TRINIDAD & TOBAGO: WSP International confirmed on August 12 that it had been appointed as technical adviser to the national infrastructure agency Nidco during the design and construction of planned Trinidad rail network. The consultant says it will 'provide technical advice to the government as project manager’ for the DBOM concession which was awarded in April to the Trinitrain consortium of Bouygues Construction, Alstom and RATP Développement (RG 5.08 p271).
According WSP Project Manager Vic Stevens, 'traffic congestion in the morning and evening peaks can last up to 4 h each way, with some people having to commute for 6 to 8 h a day while travelling only 80 km. By linking Port of Spain to the main commuter towns, the railway will be important to the future prosperity of Trinidad & Tobago’.
The government’s outline concept includes a 50 km north-south line linking Port of Spain to San Fernando, and a 54 km east-west route between Port of Spain and Sangre Grande. However, we understand that these are still vague corridors; there are no route alignments, nor specifications whether the network should be heavy rail, light rail, electrified or diesel, let alone how many stations or what sort of rolling stock would be required. Whilst the consortium partners will be undertaking technical design, Nidco and WSP will be responsible for public consultation, land acquisition and reviewing the financial aspects of the project.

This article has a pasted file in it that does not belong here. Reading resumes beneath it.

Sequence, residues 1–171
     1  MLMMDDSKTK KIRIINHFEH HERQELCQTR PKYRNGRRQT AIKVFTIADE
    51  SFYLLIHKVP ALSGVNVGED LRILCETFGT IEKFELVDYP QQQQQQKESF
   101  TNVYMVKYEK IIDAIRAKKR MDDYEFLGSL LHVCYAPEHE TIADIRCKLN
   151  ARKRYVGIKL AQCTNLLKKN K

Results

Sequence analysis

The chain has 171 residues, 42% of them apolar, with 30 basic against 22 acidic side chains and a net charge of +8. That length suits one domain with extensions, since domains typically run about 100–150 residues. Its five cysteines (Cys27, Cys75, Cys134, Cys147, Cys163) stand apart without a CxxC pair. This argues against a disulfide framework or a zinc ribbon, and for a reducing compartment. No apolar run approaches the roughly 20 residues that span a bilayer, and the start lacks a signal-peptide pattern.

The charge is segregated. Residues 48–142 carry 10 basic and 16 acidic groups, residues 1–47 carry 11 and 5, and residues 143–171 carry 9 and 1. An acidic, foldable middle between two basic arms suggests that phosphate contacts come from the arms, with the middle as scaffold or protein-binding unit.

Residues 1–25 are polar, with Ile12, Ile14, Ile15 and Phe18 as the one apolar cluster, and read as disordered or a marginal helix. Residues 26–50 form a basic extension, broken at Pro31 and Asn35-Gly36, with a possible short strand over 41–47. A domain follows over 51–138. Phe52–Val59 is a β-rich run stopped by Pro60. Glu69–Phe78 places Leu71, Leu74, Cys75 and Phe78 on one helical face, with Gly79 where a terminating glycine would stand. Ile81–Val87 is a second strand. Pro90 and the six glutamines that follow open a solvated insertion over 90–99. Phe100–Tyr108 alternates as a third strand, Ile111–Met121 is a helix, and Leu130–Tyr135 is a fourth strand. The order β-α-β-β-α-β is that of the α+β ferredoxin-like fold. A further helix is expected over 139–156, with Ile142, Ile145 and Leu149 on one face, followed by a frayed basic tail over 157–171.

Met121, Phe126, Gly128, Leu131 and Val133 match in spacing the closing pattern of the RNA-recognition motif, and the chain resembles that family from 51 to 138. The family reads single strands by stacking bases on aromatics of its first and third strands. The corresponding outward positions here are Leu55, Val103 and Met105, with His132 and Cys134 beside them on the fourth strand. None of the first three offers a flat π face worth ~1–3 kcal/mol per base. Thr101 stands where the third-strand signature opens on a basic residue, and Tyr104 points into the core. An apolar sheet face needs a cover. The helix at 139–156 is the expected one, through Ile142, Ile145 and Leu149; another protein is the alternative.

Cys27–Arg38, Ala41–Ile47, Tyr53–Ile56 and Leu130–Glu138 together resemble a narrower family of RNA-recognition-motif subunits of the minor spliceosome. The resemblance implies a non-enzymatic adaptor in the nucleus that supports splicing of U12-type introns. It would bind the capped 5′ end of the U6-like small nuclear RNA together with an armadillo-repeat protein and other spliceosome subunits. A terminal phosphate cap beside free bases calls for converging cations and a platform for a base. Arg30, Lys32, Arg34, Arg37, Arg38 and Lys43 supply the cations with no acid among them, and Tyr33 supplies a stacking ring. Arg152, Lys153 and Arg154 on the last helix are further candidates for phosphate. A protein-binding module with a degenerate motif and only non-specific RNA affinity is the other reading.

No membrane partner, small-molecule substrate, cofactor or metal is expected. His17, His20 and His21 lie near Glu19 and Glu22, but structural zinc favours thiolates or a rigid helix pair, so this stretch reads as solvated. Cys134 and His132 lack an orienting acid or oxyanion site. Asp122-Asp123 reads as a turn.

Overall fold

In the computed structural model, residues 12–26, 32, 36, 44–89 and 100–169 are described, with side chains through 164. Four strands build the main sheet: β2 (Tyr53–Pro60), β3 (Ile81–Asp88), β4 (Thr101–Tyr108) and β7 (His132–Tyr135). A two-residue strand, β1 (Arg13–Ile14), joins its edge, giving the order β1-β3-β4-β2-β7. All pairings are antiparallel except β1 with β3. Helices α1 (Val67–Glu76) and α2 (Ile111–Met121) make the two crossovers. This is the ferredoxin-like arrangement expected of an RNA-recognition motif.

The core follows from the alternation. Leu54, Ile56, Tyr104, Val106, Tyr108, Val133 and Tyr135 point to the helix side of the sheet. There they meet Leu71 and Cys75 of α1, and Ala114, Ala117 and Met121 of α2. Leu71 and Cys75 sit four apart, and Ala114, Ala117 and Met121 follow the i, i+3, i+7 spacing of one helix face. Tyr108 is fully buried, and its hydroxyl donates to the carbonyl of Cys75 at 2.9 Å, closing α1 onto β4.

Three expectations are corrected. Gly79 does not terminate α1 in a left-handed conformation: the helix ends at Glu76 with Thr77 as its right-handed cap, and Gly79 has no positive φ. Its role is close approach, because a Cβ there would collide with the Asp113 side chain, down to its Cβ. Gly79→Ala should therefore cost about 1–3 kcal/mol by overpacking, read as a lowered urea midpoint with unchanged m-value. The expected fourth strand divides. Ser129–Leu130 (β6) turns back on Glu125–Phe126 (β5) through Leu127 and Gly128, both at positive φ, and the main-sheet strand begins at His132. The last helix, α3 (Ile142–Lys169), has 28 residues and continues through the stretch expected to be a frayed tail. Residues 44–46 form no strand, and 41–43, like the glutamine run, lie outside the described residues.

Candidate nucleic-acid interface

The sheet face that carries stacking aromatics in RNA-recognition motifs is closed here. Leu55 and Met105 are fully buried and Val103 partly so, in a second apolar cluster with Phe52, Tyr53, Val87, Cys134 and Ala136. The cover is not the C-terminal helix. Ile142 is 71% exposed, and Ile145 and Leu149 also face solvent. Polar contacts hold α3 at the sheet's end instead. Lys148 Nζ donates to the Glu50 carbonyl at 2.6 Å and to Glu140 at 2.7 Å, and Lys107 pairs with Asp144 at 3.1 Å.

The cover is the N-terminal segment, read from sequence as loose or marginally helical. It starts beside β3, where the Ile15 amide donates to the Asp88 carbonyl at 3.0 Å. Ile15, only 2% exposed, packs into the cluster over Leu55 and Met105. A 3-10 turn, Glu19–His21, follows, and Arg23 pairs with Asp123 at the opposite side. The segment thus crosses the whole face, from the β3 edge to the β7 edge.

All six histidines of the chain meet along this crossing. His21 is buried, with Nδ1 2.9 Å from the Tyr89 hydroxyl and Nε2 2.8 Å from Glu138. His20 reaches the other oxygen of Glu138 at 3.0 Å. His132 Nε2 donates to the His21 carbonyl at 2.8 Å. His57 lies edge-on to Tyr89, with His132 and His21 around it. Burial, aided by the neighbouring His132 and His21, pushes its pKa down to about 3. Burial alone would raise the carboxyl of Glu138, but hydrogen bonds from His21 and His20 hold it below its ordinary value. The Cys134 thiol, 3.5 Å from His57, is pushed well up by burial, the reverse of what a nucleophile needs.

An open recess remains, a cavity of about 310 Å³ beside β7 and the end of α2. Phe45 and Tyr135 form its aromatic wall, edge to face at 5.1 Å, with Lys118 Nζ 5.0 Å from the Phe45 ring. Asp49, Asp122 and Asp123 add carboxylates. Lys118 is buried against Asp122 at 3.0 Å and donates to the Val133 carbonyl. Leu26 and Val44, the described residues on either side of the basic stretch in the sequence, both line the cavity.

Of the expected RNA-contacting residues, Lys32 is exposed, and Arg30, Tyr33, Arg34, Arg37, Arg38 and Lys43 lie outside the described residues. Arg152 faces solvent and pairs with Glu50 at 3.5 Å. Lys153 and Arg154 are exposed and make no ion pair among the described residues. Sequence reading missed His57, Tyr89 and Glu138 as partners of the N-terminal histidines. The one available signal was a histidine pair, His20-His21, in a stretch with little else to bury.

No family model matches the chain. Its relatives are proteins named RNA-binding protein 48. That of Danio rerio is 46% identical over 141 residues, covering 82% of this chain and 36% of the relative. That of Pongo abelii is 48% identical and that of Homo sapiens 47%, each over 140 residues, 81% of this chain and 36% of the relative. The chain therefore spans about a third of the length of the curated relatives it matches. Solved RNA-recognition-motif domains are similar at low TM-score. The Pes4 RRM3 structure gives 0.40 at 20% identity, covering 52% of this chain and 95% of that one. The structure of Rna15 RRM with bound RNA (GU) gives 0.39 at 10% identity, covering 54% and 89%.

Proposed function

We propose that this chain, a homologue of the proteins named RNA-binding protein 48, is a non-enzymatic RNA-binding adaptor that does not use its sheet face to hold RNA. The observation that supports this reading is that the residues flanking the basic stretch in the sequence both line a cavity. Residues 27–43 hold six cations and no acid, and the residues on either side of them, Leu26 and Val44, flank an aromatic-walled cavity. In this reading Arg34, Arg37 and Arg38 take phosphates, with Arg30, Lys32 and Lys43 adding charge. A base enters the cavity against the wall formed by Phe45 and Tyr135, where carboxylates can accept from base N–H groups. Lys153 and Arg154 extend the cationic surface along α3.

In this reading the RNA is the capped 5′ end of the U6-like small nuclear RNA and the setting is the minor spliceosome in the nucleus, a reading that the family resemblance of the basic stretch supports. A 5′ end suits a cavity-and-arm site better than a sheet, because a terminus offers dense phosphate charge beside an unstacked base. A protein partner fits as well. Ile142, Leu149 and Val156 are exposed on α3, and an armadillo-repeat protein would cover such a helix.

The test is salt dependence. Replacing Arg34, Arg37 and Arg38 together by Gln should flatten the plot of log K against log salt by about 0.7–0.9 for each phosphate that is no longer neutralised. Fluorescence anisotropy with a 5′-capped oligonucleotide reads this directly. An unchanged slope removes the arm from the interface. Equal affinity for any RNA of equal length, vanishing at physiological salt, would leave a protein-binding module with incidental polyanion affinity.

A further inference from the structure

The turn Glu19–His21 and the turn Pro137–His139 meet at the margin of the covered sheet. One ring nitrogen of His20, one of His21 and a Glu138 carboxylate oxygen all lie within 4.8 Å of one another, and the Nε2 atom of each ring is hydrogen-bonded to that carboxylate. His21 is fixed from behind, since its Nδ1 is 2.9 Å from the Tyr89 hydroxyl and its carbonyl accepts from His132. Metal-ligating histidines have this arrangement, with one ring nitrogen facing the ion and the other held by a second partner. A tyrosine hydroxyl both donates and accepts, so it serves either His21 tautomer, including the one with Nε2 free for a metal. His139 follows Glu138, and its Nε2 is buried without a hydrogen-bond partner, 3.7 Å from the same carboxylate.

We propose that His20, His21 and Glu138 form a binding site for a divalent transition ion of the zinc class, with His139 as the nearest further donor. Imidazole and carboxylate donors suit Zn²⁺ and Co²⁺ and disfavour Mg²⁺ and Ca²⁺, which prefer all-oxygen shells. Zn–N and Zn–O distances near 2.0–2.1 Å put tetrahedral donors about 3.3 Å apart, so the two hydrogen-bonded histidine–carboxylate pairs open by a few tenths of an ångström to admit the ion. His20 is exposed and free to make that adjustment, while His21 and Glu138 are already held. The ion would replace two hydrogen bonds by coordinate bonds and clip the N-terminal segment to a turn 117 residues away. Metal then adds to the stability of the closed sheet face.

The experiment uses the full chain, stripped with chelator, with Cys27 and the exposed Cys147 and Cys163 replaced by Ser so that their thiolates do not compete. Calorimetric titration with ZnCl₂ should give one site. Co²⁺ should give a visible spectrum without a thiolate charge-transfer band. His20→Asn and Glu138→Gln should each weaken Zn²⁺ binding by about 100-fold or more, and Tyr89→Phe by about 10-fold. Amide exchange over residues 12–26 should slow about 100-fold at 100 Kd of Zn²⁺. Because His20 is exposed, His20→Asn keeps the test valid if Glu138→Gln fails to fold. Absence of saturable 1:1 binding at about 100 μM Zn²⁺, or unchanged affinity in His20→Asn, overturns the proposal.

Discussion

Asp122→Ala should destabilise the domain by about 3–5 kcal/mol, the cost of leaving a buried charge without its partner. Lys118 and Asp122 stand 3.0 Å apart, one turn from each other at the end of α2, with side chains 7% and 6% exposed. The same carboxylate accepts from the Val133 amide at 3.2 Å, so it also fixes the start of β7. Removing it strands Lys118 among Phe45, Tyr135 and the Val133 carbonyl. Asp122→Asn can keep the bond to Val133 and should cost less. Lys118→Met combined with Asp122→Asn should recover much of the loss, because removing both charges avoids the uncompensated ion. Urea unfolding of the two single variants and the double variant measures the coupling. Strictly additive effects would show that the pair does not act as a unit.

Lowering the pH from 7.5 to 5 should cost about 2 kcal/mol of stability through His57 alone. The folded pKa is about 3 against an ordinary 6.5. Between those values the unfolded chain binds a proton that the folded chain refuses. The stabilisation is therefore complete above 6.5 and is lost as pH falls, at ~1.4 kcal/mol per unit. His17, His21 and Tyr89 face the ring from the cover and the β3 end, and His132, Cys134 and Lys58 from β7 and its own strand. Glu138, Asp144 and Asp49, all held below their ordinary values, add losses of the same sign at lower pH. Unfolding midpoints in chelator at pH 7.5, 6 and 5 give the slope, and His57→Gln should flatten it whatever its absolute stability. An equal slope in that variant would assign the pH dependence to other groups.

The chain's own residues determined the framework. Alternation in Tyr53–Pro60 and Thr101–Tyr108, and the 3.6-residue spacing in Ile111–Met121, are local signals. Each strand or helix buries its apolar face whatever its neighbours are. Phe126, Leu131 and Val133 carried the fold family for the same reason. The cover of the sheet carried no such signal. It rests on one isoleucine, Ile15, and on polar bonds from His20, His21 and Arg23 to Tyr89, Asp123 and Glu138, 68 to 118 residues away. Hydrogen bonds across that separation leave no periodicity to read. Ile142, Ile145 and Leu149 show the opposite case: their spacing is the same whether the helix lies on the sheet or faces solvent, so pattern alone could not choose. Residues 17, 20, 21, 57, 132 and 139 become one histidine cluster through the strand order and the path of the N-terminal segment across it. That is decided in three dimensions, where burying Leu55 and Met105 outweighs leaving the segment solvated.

Work has now started on a 20-month initial phase, which is intended to identify the routes and station sites, leading to detailed proposals for construction and operation, and the choice of rolling stock. Bouygues has brought in consultants to undertake traffic surveys and forecast patronage, although our correspondent points out that the survey began just as the local schools had broken up for the summer holidays.